Based on the clinical presentation and laboratory values, sepsis as the etiology of patient’s syncopal episodes was suspected and aggressive intravenous hydration and broad-spectrum antibiotics (renally dosed vancomycin and piperacillin-tazobactam) were initiated. Blood cultures and right foot bulla aspirate were positive for S. algae that was sensitive to all tested antibiotics. Her clinical status was stabilized, and laboratory parameters improved. However, due to the development of right foot gangrene, she underwent surgical debridement and eventually needed transmetatarsal amputation on the eighth day of her hospital stay.
S. algae is an emerging worldwide pathogen that has recently garnered interest in the medical community. It is a Gram-negative, facultative anaerobic, motile rod found in the normal microflora of marine environments. Early detection and diagnosis are essential to achieving good outcomes and ultimate resolution of the infection.
Shewanella infection usually presents as SSTI of the limb. Diverse presentations from gastroenteritis and peritonitis to meningoencephalitis have been reported in the literature [9, 14]. These infections usually occur in immunocompromised individuals that have been exposed to the pathogen. Often, patients who developed SSTIs and bacteremia reported seawater exposure. There have been several isolated reports of SSTI over the years. In 2008, Tsai et al. reported a series of 27 cases of SSTIs caused by Shewanella bacteria . Twenty-two out of 27 reported cases (81.5%) had limb involvement, out of which 14 (n = 22) had associated bacteremia. A retrospective study in 2010 by To et al. identified 29 patients with isolates of Shewanella species in Hong Kong . Only two of them reported seawater exposure. The authors reported transmission route of the remaining cases remained unclear. Given the popularity of seafood in Hong Kong, it was suspected that the bacteria were transmitted orally .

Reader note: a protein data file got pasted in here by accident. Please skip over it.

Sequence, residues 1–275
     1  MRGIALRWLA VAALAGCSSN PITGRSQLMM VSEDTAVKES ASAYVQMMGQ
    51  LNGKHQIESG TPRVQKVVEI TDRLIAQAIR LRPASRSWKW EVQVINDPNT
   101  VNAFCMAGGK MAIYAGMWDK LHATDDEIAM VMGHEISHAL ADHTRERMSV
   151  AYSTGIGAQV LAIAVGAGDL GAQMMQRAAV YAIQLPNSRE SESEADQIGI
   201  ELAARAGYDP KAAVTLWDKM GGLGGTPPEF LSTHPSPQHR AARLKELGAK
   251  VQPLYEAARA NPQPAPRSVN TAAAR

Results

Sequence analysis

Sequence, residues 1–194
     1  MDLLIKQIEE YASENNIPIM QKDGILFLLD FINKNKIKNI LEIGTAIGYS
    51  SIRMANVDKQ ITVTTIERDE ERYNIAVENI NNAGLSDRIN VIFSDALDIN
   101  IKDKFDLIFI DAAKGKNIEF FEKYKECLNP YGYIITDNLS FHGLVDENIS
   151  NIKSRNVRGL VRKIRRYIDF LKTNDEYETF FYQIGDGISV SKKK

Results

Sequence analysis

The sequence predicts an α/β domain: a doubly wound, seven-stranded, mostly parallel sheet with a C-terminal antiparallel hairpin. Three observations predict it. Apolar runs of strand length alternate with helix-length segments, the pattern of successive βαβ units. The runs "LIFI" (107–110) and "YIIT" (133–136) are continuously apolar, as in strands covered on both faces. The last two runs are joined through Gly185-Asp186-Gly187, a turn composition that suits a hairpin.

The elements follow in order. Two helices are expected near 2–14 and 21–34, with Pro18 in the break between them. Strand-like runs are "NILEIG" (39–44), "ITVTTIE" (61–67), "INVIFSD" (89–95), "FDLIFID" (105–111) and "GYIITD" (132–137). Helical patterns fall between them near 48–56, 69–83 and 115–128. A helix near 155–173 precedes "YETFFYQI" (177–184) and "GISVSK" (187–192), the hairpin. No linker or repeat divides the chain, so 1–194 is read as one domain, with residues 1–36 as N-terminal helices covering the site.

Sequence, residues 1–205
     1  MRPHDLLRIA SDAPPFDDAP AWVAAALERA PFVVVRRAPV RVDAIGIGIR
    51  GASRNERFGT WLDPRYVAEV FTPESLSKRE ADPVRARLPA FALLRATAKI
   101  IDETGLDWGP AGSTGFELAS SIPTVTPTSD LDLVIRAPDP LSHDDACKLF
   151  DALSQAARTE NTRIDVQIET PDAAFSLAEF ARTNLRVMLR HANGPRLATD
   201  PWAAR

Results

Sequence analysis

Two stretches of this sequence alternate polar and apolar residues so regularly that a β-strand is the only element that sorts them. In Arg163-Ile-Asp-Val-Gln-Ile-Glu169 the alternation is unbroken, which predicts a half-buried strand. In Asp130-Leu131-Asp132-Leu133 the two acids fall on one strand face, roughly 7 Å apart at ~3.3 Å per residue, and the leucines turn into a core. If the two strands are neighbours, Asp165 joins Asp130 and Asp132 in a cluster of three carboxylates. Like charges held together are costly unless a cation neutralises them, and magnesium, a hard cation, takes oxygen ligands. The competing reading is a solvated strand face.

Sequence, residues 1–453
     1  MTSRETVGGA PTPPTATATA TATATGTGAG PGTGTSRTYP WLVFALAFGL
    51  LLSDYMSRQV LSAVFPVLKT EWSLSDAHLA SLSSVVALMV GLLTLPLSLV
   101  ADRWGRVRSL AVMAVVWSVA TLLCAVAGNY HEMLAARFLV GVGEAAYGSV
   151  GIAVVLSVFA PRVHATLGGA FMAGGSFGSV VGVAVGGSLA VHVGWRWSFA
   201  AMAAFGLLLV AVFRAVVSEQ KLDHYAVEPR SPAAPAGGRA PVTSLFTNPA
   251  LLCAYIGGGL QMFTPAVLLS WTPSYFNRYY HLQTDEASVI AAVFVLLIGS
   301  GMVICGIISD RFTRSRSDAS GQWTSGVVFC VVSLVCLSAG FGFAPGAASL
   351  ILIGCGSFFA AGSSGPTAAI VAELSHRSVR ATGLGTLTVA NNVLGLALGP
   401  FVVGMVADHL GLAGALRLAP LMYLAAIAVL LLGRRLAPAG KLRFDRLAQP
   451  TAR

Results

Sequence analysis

Additionally, Liu et al. in 2013 conducted a retrospective study and also reviewed previously published reports . They identified 59 cases including nine at their hospital. They found that 47.4% patients (n = 28) had underlying hepatobiliary disease and were mainly of Asian descent. Eight out of nine patients (88.8%) in their cohort reportedly lived in the area near the coast and regularly consumed seafood. Their data suggested a link between development of Shewanella bacteremia and seafood ingestion .
In 2015, an epidemiological study (n = 16) in India investigated clinical characteristics of SSTI caused by Shewanella spp. . The authors reported S. algae was isolated in 12 cases (75%). All study patients had a clear entry port for the infection in their skin or mucosa and 56.3% were in contact with seawater.
Torri et al. in 2017 published a case series of 17 patients with Shewanella infection in Italy . Among these patients, five (29.4%) had a SSTI and another five (29.4%) had sepsis. Furthermore, to support the significance of seawater exposure in the pathogenesis of the Shewanella infection, Tori et al. reported that two patients in the sepsis group and four patients in the SSTI group, respectively, had contact with seawater within previous four weeks. The only patient who died had Shewanella positive blood cultures and sepsis .